Banquet helps Teen Challenge

Published 12:25 am Saturday, October 29, 2011

By Robert Hudson

The Selma Times-Journal

A local organization is preparing to hold a fundraiser that will help it continue its goal of freeing others from life-crippling addictions.

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Teen Challenge in Selma will hold its fourth annual banquet Tuesday, Nov. 1 at 7 p.m. at the Carl Morgan Convention Center.

Jason Easter, program director of the Teen Challenge facility in Selma, said the fundraiser goes toward Teen Challenge’s annual budget.

“It’s our largest fundraiser that we have for our facility here,” Easter said. “We’re responsible for raising our own budget and it just goes toward our annual budget. We do it once a year.”

Churches sponsor tables and tables are sold to local businesses. Tables are still available for businesses for $300 each, which includes seven tickets received upon purchase of table. Businesses looking to purchase a table can call 872-0133.

Tickets will be for sell at the door for $30.

Easter said Teen Challenge does fundraisers in order to raise money and reach out to as many people as possible.

“Teen Challenge is a 12-month long residential, Christian discipleship program for individuals that struggle with drug or alcohol addiction,” Easter said. “We’re faith based. We raise our own budget. We’re not federally funded, so we do fundraisers like this for our budget and to reach as many as we can.”

Easter said last year about 300 people attended.

Splat of the Splat Experience, who is touring with Casting Crowns will open the banquet.

Dinner will be served, and then Ron Delgado, a pastor at a church in Columbus, Mississippi will give a speech. Delgado was a graduate of the original Teen Challenge in Brooklyn, New York in the 70s.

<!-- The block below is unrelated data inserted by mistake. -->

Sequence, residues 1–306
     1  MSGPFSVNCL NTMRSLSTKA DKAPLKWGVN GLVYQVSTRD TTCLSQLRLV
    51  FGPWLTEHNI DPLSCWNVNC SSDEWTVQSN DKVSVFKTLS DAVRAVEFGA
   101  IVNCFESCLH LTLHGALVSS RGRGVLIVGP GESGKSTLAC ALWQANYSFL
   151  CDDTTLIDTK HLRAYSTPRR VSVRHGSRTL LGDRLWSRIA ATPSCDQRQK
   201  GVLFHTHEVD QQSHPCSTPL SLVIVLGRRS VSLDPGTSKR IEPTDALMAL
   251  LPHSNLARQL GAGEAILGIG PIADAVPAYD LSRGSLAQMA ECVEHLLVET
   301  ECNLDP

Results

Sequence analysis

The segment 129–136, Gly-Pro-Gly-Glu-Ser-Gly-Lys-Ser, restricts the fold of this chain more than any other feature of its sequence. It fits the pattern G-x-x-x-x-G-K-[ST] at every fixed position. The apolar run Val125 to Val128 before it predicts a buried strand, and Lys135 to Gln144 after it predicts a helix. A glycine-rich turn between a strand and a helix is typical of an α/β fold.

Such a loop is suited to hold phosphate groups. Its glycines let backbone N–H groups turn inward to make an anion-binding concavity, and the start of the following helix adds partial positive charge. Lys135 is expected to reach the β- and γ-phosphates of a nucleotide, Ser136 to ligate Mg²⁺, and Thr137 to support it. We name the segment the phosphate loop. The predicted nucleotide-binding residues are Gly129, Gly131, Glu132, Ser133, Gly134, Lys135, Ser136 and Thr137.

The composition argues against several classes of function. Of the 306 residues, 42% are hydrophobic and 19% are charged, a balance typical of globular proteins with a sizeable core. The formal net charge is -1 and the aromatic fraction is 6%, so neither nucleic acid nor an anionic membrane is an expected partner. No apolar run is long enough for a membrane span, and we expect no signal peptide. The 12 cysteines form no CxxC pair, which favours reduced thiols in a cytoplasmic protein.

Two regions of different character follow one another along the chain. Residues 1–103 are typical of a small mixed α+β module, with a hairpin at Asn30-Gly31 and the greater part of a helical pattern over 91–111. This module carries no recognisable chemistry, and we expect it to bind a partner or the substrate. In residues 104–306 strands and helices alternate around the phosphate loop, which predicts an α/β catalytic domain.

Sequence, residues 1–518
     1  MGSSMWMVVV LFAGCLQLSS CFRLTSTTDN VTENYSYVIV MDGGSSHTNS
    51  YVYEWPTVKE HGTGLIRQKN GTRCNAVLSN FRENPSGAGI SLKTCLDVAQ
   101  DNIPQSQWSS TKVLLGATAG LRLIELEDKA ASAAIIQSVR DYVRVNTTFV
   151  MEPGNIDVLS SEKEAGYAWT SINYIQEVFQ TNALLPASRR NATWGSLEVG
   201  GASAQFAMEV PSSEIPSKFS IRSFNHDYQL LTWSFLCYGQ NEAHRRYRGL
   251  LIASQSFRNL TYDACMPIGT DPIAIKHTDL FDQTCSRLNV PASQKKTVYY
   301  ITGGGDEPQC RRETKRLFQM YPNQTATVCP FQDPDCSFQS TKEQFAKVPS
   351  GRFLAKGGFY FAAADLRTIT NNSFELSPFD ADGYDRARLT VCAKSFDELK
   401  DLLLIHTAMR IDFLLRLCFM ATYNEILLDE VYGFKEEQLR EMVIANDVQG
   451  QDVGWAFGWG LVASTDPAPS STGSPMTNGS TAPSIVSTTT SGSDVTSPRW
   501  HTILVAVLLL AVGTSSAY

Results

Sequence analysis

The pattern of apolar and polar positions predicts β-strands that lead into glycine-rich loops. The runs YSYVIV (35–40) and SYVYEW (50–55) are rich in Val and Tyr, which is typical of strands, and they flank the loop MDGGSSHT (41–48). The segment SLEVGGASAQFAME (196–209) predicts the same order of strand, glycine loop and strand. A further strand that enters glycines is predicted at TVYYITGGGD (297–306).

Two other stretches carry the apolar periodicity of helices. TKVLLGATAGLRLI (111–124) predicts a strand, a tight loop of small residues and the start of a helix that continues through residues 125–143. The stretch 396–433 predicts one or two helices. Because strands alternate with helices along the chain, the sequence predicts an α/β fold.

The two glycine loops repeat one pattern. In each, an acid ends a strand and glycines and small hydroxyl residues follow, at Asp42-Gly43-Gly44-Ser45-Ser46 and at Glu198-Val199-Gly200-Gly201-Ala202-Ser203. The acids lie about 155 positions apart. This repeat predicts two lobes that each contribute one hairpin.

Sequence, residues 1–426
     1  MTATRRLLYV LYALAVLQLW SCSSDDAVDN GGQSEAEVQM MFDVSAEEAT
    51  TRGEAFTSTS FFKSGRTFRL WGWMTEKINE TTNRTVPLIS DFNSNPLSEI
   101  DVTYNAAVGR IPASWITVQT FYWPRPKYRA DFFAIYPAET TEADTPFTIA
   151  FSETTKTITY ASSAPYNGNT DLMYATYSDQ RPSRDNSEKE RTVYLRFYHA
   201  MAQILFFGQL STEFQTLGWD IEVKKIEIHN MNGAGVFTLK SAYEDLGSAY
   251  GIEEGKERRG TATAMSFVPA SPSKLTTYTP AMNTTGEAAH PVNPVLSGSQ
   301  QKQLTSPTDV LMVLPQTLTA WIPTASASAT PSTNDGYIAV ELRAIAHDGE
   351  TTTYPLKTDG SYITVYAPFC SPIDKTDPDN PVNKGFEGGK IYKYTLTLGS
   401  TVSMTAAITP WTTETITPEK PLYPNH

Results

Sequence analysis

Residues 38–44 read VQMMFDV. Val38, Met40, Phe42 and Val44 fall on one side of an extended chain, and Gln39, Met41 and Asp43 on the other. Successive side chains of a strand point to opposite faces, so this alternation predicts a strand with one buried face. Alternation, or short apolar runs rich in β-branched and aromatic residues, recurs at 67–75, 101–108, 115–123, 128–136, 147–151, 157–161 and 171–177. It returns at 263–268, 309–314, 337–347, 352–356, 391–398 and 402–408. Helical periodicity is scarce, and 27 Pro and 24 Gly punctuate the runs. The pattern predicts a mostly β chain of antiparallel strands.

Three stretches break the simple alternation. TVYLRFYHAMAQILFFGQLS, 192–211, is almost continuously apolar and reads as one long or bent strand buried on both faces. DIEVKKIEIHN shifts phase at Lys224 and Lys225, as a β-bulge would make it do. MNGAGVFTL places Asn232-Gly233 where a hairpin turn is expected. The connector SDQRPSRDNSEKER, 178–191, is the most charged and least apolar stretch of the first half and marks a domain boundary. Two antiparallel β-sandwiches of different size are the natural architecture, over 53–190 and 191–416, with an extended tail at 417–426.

Easter said the program tries to help those suffering from addiction and will not turn anyone away if they’re short on money.

“We don’t turn anyone away because of financial reasons,” Easter said. “We’re constantly doing church services and fundraisers like this so we can help as many people as we can.”

Easter said the documented success rate of Teen Challenge is between 65 and 86 percent, and graduates are still drug or alcohol free seven years after the program.

“It’s not a rehab, it’s a discipleship program,” Easter said. “We just preach the gospel and teach these men, and our women facilities in Birmingham, how to be disciples for Christ and that’s where the freedom comes from.”

Easter said the program truly does change lives beyond helping people get sober.

“We see so many lives restored and changed,” Easter said. “We see so many people set free from those addictions. It’s a phenomenal ministry. It’s not just about sobriety. Teen Challenge teaches them how to be free, happy and how to be successful at life and how to enjoy life without drugs or alcohol.”
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